Redefining Resilience: Expanding the Approach to Stormwater Management
How ISWMM’s guidelines are setting the standards in sustainable stormwater management and water resources conservation in Iowa.
Before the turn of the millennia, stormwater management practices were intended to move runoff away from infrastructure and limit localized flooding in the most cost-effective way. Roofs, paved surfaces, pipes and flumes quickly shed runoff; turf-covered dry detention basins offer simple construction, easy maintenance, and can mitigate flooding for very large rain events. Though these traditional methods are useful in certain circumstances, they aren’t optimized to treat the most frequent rain events and often lead to waterway erosion and poor water quality downstream; however, stormwater engineering solutions are evolving in new and effective ways, growing in both availability and functionality. Modern green infrastructure concepts for stormwater management provide water quality enhancements, sustain community green space and reduce waterway erosion, while continuing to address traditional flood reduction goals.
This evolution of stormwater management – from limited intentions to more sustainable and comprehensive solutions – is proving crucial in our efforts to address the multifaceted challenges of waterway degradation, frequent flooding and community enhancement. This shift also reflects widespread momentum towards comprehensive sustainability and resiliency in the field of water resources engineering itself and is apparent in the continuous development of industry resources, including, for example, the Iowa Stormwater Management Manual (ISWMM). The ISWMM is a critical resource developed to cater to the specific characteristics and landscapes of Iowa; it serves as a tool to facilitate the design of practices not just for flood risk reduction but for the creation of valuable community green space that yields water quality enhancement and downstream erosion control. The practices and principles in the ISWMM are not just accepted in theory – they define standards for design in many communities across Iowa through local ordinances that reference the ISWMM. To fulfill a universal expectation of community safety, the design guidelines for the infrastructure we build and pay for must be optimized by professionals with deep knowledge of natural resources and engineering practices. Here, we explore how the ISWMM was developed and the important impact its implementation can have on local landscapes.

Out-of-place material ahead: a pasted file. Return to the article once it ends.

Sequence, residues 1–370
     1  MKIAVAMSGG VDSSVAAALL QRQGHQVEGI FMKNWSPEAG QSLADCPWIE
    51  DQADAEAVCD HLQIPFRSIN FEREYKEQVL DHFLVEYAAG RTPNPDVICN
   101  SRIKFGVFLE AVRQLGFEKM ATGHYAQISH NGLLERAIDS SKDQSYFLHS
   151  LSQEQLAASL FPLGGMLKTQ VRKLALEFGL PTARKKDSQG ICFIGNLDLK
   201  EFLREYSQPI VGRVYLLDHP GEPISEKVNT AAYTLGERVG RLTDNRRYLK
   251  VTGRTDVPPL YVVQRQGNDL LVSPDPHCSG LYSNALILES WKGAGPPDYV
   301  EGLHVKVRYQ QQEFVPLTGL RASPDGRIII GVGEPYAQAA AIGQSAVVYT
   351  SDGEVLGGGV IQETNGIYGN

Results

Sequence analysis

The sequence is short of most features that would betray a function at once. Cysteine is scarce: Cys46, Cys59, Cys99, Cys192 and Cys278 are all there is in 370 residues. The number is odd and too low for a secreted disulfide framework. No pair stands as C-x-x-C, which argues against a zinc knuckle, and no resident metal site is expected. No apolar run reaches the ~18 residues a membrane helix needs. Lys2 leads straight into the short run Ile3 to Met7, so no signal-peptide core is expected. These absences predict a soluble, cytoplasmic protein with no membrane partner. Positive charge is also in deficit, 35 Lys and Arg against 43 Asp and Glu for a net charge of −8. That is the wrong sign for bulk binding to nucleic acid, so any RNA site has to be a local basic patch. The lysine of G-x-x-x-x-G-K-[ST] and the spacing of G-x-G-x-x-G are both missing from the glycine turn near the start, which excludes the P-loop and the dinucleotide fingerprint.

Developing Stormwater Management Best Practices
The ISWMM was originally issued in 2009 and is continually updated by a multidisciplinary team that includes engineers, landscape architects, conservationists, scientists, urban developers, municipality staff and others from across the state. RDG Planning & Design has been a key author for the updates and creation of 18 chapters throughout 12 years, with another 11 currently in progress. We plan to continue to contribute as further advancements in stormwater management necessitate additional chapters and revisions in the future. The ISWMM is only one example of modern stormwater management guidelines, and it’s by no means the only or the most rigorous example in the nation; however, the ISWMM is uniquely curated for Iowan landscapes with reference to and review of national trends. The overarching goal of the ISWMM is to provide guidance on proven stormwater best management practices to expand the functionality of infrastructure beyond flood reduction to provide water quality improvements and limit waterway erosion. There are also important references to maintenance, safety and aesthetic considerations. Its particular emphasis on stormwater and exploration of specific design examples separates the ISWMM from other Iowan design guidelines.